Hugh Jackman reunites with The Wolverine’s James Mangold in the final chapter of LOGAN – the movie also sees Patrick Stewart reprising his X-Men role as Charles Xavier, Narco’s Boyd Holbrook cast as a villain of sorts and an unusual (but it works) piece of casting with Stephen Merchant playing mutant tracker Caliben….
In the near future 2029 to be precise a battle worn Logan is a Limo Driver, trying to save some money whilst caring for an ailing Professor X who’s he hid somewhere on the Mexican border….
The single most devastating thing about watching LOGAN was that I knew (everybody new) that this would be Hugh Jackman’s final outing as The Wolverine and this was in my opinion a game changer – James Mangold uses this knowledge as his filmmaking tool, his simple yet striking tone, deliberately slow pace and painful to watch narrative all builds to an agonising crecendo, it’s certainly not upbeat and unlike any other Marvel movie before it LOGAN is stripped bare of the usual comicbook humor, kaleidoscope of colour and deluded fantasy instead it’s a picture that’s dripping with a dark, gritty no-nonsense underbelly, utterly gut wrenching and humanized like no other movie of it’s ilk – even the performances in the picture seem better, Jackman captures the ageing tired Logan with a comfortable ease, his maturity as an actor gives him the tools to pull this off, you can see the pain he’s going through as he limps and claws his way through the storyline and Stewart is equally as impressive as Charles Xavier who requires medical assistance to not only help with an illness but to keep his powers at bay, there’s also an impressive film debut by Dafne Keen who kills it (literally) playing Laura, her fight scene’s, mannerism’s and interaction with Charles and Logan are a joy to watch….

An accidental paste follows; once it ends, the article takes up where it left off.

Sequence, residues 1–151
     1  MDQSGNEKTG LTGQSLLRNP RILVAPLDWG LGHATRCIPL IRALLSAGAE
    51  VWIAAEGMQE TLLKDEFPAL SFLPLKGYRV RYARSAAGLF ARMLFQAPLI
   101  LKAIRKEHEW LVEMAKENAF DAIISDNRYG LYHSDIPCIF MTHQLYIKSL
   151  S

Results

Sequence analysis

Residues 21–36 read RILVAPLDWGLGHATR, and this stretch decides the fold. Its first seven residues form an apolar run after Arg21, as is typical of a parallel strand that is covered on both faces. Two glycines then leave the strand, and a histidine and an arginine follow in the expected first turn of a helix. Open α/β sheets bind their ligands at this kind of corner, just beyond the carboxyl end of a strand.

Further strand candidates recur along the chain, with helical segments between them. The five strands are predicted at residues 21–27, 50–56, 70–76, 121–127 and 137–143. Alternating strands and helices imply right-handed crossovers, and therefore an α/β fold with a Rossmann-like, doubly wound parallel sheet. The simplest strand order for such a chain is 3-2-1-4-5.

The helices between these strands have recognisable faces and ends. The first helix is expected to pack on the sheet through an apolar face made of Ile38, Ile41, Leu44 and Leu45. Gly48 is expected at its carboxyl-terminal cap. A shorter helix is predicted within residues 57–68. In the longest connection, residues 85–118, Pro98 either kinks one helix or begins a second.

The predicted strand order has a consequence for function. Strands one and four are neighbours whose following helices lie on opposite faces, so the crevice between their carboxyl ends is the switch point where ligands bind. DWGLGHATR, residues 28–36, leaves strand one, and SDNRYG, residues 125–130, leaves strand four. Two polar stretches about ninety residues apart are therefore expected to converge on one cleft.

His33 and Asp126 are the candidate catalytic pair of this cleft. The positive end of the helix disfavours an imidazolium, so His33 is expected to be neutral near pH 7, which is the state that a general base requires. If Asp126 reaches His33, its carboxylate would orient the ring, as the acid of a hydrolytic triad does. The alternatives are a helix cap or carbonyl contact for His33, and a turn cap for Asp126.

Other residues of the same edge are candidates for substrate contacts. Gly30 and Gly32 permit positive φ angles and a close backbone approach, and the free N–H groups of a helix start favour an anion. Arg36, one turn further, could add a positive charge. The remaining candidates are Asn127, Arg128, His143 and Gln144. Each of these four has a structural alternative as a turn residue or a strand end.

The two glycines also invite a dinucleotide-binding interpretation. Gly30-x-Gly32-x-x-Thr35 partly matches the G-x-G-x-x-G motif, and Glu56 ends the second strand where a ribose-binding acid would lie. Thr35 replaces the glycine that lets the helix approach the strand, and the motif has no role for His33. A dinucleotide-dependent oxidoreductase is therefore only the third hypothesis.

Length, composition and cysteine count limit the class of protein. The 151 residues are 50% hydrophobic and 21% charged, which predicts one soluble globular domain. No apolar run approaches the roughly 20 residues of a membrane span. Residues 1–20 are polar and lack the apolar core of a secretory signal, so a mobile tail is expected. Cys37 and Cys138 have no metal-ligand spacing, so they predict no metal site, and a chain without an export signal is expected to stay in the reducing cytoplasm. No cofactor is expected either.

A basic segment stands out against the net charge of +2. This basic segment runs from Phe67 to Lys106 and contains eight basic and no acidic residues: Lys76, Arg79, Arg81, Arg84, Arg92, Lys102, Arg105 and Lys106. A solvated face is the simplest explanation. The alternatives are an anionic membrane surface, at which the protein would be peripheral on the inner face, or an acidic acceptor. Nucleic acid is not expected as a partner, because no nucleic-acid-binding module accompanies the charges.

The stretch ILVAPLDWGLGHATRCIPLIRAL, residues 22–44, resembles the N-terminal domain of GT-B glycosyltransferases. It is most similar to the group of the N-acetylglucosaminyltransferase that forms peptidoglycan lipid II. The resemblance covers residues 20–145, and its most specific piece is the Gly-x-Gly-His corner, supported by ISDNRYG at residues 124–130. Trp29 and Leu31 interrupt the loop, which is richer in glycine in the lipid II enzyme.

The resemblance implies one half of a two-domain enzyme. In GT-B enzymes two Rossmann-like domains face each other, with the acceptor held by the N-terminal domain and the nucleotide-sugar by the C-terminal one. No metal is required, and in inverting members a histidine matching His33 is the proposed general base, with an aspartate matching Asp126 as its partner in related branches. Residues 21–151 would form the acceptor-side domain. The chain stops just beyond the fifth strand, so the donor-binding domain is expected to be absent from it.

One of my favourite moments in the movie (and there are many) takes place at the Munson Home – Logan, Laura and Charles help the Munson’s with some runaway horses after which they get invited back to their home and enjoy a brief trip into yesteryear, spending time with a loving family over a hot meal with smiles, real laughter and a bed to sleep in (Eriq La Salle playing the father of the family is as good in these 20mins as he’s ever been) – sadly the groups happiness does not last long and their ugly, brutal past catches up with them….
James Mangold’s LOGAN is the perfect send off for one comics most iconic stars – the film’s raw and uncompromising style allows it to become a far superior comicbook adapation than what’s come before, it’s not only a thing of beauty to look at but it’s also one hell of an emotionally charged rollercoaster ride that doesn’t let up until the final credits rise & Johnny Cash’s vocals hit home…. ★★★★½